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Frederick H. Dyer, Compendium of the War of the Rebellion: Regimental Histories 199 199 Browse Search
Thomas Wentworth Higginson, Massachusetts in the Army and Navy during the war of 1861-1865, vol. 2 34 34 Browse Search
William F. Fox, Lt. Col. U. S. V., Regimental Losses in the American Civil War, 1861-1865: A Treatise on the extent and nature of the mortuary losses in the Union regiments, with full and exhaustive statistics compiled from the official records on file in the state military bureaus and at Washington 27 27 Browse Search
Harper's Encyclopedia of United States History (ed. Benson Lossing) 13 13 Browse Search
Col. O. M. Roberts, Confederate Military History, a library of Confederate States Military History: Volume 12.1, Alabama (ed. Clement Anselm Evans) 11 11 Browse Search
Thomas Wentworth Higginson, Harvard Memorial Biographies 9 9 Browse Search
William Schouler, A history of Massachusetts in the Civil War: Volume 2 9 9 Browse Search
Brigadier-General Ellison Capers, Confederate Military History, a library of Confederate States Military History: Volume 5, South Carolina (ed. Clement Anselm Evans) 8 8 Browse Search
The Photographic History of The Civil War: in ten volumes, Thousands of Scenes Photographed 1861-65, with Text by many Special Authorities, Volume 8: Soldier Life and Secret Service. (ed. Francis Trevelyan Miller) 7 7 Browse Search
The Photographic History of The Civil War: in ten volumes, Thousands of Scenes Photographed 1861-65, with Text by many Special Authorities, Volume 10: The Armies and the Leaders. (ed. Francis Trevelyan Miller) 5 5 Browse Search
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Browsing named entities in The Photographic History of The Civil War: in ten volumes, Thousands of Scenes Photographed 1861-65, with Text by many Special Authorities, Volume 1: The Opening Battles. (ed. Francis Trevelyan Miller). You can also browse the collection for August, 1862 AD or search for August, 1862 AD in all documents.

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d on the 20th the great navy-yard at Norfolk. Two governments, each representing a different economic [A complete record of leading events and the various engagements, giving the troops involved and casualties between January, 1861, and August, 1862, appears on page 344.--The Editors.] The Southerner of the hour in 1861. Born in New Orleans on May 28, 1818, the Southern leader upon whom at first all eyes were turned, Pierre Gustave Toutant Beauregard, was graduated from the U. S. Mi. Manassas Station. Part of the eastern defenses constructed by the Confederates after Bull Run during the winter of 1861-2. Confederate troops had been withdrawn in March, 1862, as the first move in the spring campaign. This view, taken in August, 1862, after the Union occupation of the abandoned works, looks down the road towards Union Mills ford. At the close of Pope's disastrous campaign against Richmond the railroad again fell into the hands of Lee's army. about sixteen hundred in num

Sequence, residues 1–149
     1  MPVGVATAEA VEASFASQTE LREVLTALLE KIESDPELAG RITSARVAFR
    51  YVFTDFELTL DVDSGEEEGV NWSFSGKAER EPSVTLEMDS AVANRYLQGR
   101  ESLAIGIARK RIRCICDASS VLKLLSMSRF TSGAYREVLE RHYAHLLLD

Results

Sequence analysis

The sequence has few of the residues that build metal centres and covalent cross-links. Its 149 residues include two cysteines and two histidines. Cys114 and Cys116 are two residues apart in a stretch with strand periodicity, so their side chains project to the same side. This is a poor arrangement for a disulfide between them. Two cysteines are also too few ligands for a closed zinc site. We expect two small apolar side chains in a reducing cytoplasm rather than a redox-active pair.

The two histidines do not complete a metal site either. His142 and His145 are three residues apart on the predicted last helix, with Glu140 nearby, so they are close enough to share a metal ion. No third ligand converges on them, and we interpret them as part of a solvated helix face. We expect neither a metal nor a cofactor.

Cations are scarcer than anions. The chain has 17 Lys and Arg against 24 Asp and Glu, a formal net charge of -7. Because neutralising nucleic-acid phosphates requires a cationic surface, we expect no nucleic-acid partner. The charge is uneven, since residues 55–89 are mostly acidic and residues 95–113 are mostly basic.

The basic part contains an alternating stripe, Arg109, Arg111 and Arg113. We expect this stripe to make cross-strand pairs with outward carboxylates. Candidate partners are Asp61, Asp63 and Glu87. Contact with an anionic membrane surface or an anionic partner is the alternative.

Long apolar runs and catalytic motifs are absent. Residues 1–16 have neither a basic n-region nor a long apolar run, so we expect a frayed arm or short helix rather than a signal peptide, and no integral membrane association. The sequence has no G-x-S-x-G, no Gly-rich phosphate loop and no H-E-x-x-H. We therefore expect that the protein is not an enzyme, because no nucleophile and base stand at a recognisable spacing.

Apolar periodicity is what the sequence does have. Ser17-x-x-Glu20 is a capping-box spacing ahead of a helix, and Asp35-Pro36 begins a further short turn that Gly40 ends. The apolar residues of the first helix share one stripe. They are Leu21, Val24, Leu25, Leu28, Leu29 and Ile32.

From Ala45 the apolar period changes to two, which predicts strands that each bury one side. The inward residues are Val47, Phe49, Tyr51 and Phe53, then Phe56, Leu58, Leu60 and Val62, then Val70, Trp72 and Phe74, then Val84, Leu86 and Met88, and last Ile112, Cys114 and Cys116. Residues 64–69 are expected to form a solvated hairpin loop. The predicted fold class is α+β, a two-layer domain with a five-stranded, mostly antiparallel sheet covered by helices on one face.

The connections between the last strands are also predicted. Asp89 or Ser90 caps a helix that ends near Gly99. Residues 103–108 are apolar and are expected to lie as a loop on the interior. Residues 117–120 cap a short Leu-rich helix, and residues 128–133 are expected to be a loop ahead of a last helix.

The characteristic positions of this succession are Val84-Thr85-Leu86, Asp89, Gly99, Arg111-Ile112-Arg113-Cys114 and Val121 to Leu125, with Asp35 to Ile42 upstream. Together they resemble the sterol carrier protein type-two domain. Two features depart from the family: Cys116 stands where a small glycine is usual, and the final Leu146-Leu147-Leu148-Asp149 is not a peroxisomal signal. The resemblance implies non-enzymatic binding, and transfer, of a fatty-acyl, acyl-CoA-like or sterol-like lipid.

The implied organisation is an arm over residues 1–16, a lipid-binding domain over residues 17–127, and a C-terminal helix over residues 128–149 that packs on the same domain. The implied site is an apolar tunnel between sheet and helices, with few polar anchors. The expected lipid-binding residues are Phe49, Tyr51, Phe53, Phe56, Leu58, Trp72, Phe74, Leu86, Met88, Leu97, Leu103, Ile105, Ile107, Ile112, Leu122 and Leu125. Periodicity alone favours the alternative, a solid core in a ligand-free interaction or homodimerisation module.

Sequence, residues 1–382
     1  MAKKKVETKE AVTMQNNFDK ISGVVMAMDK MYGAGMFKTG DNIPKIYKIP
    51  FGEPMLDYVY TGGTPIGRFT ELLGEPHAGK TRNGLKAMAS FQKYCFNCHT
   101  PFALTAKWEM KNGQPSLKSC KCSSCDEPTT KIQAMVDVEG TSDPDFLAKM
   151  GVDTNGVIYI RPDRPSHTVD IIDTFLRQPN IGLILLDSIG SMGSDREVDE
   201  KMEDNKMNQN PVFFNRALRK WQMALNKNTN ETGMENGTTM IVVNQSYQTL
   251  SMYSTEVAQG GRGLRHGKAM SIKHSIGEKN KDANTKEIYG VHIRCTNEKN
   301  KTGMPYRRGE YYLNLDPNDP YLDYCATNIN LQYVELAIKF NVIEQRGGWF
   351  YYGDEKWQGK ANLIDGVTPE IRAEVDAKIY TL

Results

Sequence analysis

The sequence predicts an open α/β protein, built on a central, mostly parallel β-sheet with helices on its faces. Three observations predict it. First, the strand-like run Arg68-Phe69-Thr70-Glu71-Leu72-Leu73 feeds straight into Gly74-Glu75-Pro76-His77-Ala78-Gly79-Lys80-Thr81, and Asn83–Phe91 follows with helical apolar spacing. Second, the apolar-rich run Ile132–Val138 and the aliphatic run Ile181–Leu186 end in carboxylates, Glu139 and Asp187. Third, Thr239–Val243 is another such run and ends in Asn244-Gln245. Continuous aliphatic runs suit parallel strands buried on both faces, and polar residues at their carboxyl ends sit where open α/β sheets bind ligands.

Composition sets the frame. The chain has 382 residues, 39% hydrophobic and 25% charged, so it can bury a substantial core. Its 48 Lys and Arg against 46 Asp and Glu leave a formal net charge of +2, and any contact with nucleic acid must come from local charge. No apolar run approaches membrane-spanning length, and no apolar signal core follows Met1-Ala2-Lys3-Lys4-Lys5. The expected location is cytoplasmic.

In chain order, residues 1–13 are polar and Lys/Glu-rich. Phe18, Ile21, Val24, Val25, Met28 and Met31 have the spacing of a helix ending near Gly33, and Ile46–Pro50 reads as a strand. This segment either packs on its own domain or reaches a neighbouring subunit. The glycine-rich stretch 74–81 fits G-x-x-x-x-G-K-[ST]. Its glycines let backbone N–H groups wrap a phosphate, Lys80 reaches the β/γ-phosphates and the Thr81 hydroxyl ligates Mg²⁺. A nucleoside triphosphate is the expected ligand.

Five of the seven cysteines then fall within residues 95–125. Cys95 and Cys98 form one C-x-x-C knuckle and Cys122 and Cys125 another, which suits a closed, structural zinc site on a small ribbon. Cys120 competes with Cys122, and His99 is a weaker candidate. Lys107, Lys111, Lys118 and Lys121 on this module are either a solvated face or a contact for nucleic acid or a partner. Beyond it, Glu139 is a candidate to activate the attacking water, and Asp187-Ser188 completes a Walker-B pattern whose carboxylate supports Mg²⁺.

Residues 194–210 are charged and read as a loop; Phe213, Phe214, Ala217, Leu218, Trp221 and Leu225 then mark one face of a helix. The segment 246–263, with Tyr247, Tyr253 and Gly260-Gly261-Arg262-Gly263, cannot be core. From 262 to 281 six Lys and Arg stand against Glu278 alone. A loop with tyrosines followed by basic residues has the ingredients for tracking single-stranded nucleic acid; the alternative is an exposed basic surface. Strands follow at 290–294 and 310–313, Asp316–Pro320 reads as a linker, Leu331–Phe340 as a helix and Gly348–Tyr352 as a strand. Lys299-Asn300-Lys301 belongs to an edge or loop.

imself at its head, exposing himself repeatedly, and refusing all pleadings to go to the rear. As he was bravely leading his men, he was killed almost instantly by a bullet that passed through his chest; and the Federal forces, concentrating, fell back on the outskirts of the town. The Confederates, who had also suffered heavily, fell back also, retreating to their camp. The action was a drawn fight, but in the loss of the brave veteran of the Mexican War who had led them the land forces of the lower Mississippi sustained a severe blow. General Williams' body was sent to New Orleans on an artillery transport which was sunk in collision with the Oneida off Donaldsonville, Louisiana, a few days after the battle. Baton Rouge was abandoned by the Federals on August 20th. Breckinridge had previously retired to Port Hudson. The Federal defender of Baton Rouge the artillery transport that was sunk off Donaldsonville, Louisiana, with General Williams' body on board.--August, 1862
The Photographic History of The Civil War: in ten volumes, Thousands of Scenes Photographed 1861-65, with Text by many Special Authorities, Volume 1: The Opening Battles. (ed. Francis Trevelyan Miller), Engagements of the Civil War with losses on both sides December, 1860-August, 1862 (search)
Engagements of the Civil War with losses on both sides December, 1860-August, 1862 Cavalry and field artillery. Chronological summary and record of historical events, and of important engagements between the Union and the Confederate armies, in the Civil War in the United States, showing troops participating, losses and casualties, collated and compiled by George L. Kilmer from the official records of the Union and Confederate armies filed in the United States War Department. Mi over a thousand volunteers who had gathered there to enlist under the Confederacy, June 17th. This affair at Booneville practically made it impossible for Missouri to secede from the Union. Colonel Blair was promoted to brigadier-general in August, 1862, and was made major-general the following November. (This photograph was taken when General Blair was at the head of the Seventeenth Army Corps in 1864-65. The composition of his staff was announced November 9, 1864, from Smyrna Camp Groun